[kea-dev] Kea's database schema versioning in practice

Marcin Siodelski marcin at isc.org
Fri Aug 26 14:54:33 UTC 2016

Hi All,

I am soliciting feedback about the issue raised during review of Kea
ticket http://kea.isc.org/ticket/4562.

Kea is using switchable lease/host database backends. The database
schemas constantly evolve as we add new features which use those
backends. As an example, in Kea 1.1 release we're significantly
expanding support for Host Reservations. We have added support for
reserving DHCP options per host, reserving DHCPv4 message fields like
next server, boot file name (for PXE boot) etc. In PostgreSQL we have
created host reservations from scratch since Kea 1.0.

All those new features require adding new columns to database tables,
new indexes, changing types of some columns etc.

To assure that Kea users can identify what version of database they are
using and if this version is compatible with the current Kea version we
have introduced schema versioning. For example Kea 1.0 was released with
MySQL schema version 4.1 and PostgreSQL schema version 2.0.

Kea 1.1 will be released with MySQL schema version 5.0 and PostgreSQL
schema version 3.0.

We also provide the tool, called kea-admin, which can detect the
currently used schema version and upgrade as needed.

My question, though, is how to version the schema being used between
releases of Kea?

During the development of Kea 1.1 we made extensive changes to the
schemas but these changes didn't all appear at once. They were added as
we were implemented new tickets. Though, we had to update the scripts
which create the database schema for both unit testing and system
testing. Because the scripts use schema versioning, we marked all
changes appearing on top of the 4.1 and 2.0 schemas as 4.2 and 3.0
respectively, for MySQL and Postgres. So, technically, if someone
elected to compile Kea server from version control system after release
of Kea 1.0 he would see that it is using MySQL schema 4.2 and Postgres
schema 3.0. If he took some later revision of Kea, he could observe that
the schema number didn't change but the schemas were actually updated,
and so on.

What happens for the Kea 1.1 release is that it contains major updates
for PostgreSQL schema but the schema version is still 3.0. For MySQL,
the number of updates appeared to be so high that I also decided to call
it 5.0 (rather than 4.2). At the same time, I don't provide any upgrade
script from schema 4.1 to 4.2 to 5.0. I have the upgrade script which
makes it straight from 4.1 to 5.0, because schema version 4.2 was never
really released and it was simply renamed to 5.0.

Thomas makes a point that this approach may cause trouble for people who
used intermediate versions of Kea (between release of Kea 1.0 and Kea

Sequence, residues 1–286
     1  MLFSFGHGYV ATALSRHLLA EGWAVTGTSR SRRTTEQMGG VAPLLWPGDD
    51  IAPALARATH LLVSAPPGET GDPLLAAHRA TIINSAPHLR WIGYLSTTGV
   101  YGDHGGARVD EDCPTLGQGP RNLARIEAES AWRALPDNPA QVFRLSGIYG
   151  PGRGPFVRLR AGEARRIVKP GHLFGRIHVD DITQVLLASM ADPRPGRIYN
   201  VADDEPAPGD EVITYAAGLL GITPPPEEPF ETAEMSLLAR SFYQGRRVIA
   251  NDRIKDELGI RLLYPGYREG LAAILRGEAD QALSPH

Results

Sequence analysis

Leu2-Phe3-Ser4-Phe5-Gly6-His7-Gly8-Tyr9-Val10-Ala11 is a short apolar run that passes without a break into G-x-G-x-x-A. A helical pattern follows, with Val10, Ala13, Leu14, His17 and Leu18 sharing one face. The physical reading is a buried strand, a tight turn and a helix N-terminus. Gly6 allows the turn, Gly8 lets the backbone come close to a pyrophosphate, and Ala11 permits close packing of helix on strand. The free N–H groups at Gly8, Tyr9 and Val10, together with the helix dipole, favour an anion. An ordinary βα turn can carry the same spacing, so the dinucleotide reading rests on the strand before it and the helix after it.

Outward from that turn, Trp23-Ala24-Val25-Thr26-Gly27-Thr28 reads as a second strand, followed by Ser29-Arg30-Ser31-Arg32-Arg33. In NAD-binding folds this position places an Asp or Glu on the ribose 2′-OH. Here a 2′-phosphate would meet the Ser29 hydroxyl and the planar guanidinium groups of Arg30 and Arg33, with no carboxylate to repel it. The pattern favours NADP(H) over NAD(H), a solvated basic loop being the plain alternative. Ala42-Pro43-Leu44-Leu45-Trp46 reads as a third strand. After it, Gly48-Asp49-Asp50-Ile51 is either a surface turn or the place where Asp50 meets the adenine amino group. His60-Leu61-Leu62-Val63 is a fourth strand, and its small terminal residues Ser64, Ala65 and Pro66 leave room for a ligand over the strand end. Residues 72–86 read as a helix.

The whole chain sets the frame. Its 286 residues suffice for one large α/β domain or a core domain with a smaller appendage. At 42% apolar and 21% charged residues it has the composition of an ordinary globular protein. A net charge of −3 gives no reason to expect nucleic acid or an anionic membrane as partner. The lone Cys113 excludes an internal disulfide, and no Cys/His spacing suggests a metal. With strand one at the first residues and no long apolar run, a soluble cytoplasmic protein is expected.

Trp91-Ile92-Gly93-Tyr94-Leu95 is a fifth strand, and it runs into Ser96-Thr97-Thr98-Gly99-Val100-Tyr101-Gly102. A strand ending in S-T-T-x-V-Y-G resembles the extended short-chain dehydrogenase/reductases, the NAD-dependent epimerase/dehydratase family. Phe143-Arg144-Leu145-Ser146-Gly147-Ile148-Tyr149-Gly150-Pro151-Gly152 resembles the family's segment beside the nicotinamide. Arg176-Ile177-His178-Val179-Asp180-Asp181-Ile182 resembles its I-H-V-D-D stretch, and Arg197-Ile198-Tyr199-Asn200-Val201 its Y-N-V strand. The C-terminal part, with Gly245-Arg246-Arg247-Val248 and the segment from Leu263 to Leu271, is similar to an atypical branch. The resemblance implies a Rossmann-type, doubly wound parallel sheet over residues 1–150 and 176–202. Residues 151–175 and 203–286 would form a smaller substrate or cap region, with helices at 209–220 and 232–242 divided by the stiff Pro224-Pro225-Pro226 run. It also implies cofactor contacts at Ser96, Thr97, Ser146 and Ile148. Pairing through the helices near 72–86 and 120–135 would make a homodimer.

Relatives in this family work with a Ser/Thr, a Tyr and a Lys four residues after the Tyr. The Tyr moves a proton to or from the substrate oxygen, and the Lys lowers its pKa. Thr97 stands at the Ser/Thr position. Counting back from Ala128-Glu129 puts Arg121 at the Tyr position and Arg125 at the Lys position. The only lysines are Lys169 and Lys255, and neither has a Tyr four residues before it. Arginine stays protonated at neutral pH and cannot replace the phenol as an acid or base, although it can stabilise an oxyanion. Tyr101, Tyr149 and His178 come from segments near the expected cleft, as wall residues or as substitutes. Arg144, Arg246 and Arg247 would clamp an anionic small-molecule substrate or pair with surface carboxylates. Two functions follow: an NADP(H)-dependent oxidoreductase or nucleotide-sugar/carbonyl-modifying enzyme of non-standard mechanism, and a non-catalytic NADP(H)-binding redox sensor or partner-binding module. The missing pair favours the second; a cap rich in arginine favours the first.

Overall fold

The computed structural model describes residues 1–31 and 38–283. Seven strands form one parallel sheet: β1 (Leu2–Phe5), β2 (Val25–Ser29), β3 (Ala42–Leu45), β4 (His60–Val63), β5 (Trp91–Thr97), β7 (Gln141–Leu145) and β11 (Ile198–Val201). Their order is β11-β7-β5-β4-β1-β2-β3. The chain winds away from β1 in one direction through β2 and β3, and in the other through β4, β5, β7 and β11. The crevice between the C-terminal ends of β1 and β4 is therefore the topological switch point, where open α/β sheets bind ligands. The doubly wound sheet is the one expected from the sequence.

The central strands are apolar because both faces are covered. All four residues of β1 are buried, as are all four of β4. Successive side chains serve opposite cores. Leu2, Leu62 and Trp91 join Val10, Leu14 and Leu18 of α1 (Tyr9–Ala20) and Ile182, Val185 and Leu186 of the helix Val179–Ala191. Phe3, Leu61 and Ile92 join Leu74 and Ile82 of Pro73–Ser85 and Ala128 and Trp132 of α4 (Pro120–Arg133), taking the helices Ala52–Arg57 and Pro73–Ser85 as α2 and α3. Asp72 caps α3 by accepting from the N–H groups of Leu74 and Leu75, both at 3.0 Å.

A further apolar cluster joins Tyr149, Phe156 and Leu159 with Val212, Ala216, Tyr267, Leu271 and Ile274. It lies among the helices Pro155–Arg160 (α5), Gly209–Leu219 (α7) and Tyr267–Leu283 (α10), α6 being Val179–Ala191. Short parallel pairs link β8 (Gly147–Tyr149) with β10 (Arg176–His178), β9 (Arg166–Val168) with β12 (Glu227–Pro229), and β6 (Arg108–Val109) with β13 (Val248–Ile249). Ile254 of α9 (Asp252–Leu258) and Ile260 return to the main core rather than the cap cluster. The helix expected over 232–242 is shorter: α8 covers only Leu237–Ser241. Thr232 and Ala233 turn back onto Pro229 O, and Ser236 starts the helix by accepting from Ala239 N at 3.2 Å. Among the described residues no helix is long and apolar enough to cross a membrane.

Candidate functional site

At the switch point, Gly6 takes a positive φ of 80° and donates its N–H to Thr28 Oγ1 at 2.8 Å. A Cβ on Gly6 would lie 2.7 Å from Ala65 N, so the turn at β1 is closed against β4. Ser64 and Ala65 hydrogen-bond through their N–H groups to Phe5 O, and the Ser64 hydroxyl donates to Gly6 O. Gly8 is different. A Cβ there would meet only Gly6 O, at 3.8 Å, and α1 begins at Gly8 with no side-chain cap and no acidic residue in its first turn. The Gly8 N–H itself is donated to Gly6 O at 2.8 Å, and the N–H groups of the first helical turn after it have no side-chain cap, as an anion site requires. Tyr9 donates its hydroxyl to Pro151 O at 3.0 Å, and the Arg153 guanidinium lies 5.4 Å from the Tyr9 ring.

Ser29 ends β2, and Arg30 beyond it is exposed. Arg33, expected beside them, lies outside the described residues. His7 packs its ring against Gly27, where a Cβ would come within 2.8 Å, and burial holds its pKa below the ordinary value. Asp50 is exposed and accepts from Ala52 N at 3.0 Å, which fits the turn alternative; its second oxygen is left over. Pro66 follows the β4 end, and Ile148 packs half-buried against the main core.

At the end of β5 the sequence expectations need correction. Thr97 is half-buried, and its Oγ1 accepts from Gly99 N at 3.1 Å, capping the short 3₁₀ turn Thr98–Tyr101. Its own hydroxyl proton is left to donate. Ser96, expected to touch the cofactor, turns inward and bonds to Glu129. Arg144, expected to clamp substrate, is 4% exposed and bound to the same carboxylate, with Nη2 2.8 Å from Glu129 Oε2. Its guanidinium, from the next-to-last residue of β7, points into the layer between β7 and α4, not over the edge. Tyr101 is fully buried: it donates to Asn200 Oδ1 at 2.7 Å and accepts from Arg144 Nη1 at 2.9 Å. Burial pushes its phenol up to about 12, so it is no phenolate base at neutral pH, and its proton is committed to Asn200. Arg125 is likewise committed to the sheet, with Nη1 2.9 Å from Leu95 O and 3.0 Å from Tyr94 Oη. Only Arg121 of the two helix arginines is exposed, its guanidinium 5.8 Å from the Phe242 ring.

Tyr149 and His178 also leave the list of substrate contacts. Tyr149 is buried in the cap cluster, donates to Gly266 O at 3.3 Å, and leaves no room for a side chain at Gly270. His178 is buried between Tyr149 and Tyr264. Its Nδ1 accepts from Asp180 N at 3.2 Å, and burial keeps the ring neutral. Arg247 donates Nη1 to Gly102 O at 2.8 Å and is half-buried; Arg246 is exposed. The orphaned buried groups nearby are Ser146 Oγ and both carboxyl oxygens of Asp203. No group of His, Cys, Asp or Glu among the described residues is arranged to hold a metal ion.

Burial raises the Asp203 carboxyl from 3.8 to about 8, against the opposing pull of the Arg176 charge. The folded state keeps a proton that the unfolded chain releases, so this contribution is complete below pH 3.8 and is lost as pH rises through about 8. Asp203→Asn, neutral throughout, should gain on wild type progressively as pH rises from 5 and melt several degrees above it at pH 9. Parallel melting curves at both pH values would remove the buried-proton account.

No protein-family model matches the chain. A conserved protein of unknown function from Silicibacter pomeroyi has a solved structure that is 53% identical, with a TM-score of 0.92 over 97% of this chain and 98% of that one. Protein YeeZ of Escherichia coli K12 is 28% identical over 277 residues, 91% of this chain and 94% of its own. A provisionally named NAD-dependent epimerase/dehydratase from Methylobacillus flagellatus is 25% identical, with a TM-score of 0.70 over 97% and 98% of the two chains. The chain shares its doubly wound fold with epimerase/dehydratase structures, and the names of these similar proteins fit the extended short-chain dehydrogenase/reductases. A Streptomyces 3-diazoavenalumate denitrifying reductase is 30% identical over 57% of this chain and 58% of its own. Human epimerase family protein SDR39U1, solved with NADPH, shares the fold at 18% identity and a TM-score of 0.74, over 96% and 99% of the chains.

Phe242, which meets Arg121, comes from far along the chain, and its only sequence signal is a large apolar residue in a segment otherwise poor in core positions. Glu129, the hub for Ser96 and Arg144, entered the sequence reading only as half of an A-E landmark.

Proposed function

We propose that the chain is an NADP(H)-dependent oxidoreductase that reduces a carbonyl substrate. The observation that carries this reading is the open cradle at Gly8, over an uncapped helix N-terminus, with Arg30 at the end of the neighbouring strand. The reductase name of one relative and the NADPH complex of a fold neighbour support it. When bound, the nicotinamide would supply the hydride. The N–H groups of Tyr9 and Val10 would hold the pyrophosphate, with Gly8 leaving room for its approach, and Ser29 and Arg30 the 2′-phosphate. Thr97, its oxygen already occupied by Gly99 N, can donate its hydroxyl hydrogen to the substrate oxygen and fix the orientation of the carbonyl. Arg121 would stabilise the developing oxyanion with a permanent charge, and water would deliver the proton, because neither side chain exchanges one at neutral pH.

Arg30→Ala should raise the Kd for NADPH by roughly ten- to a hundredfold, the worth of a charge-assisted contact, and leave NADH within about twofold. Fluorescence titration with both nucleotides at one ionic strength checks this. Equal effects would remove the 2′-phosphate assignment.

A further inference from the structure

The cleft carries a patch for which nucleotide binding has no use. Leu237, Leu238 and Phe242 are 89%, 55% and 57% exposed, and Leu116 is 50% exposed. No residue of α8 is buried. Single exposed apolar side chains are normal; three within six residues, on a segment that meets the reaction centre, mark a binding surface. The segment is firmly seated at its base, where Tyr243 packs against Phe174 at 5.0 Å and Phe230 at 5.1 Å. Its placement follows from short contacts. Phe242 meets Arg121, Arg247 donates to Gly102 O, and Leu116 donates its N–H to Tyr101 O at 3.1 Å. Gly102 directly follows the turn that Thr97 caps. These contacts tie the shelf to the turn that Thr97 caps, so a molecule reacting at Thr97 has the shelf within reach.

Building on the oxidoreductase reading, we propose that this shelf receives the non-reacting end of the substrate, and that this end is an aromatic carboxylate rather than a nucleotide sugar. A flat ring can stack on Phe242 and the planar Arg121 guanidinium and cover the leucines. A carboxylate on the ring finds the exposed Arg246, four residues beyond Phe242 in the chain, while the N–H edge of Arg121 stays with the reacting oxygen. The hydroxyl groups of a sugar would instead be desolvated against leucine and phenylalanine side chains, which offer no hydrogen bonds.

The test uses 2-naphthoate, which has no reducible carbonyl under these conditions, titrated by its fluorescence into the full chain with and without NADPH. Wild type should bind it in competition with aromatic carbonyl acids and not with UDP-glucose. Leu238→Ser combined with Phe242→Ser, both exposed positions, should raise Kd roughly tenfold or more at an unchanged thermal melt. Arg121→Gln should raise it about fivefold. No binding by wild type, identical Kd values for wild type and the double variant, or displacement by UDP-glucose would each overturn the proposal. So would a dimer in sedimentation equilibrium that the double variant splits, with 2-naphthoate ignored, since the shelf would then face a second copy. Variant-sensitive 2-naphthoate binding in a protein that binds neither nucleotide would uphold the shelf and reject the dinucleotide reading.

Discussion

1.1), as they could upgrade to intermediate versions of schema, called
3.0 and 4.2. The released version of 3.0 differs from the one they have
for Postgres and the 4.2 is not really upgradable to 5.0, because there
is no 4.2 to 5.0 upgrade script etc.

Thomas is thinking that we should rather bump up version numbers for the
release to 4.3 and 3.1, as it would allow people using intermediate
versions to upgrade to the schema used by released version. Also, Thomas
thinks that 4.3 is better than 5.0 as because there is no sufficiently
large change in MySQL schema to warrant major version change.

Personally, I disagree with Thomas'es points for a couple of reasons:
- because schemas evolved gradually between 1.0 and 1.1 release, and the
version numbers remained 4.2 and 3.0 for the entire time, there is no
way to tell which version of Kea people checked out from git and
therefore their database versions may not be upgradable to the most
recent version with a single script, because the needed updates depend
on what they have checked out.

- ISC (AFAIK) doesn't support the unreleased versions of our code, so
there is no requirement for us to make schemas upgradable between all
intermediate versions and released versions

- If we wanted to give a version number to each schema version committed
to master branch we'd need to account for the situations that someone
made a mistake in the schema and wants to back off the changes. It means
further update which will bloat our schema creation scripts.

- Finally, I don't think (although I may be wrong) that users use
unreleased code in production, in which case there is no strong desire
to maintain data integrity in the database. If someone is using the test
environment with intermediate version of Kea, he can probably toss the
database and simply re-create it (with kea-admin) easily, and with no
(important) data loss.

But, people may disagree with my opinions, in which case it would be
nice to hear some ideas how to maintain compatibility between the
released and unreleased code, and if it is desired.

I also think we need some policy for this, as we're going to be adding
new features using databases, e.g. configuration of the server held in
the database.

So the policies required seem to be:

- Should we bump up schema versions and update schema upgrade scripts
every time we commit the change to master? Or we rather make it on
release-to-release basis, similarly to what we did for 1.1?
- What does it mean a major change to a schema? In other words, in what
cases we need to bump up major version number vs minor version number?

Marcin Siodelski

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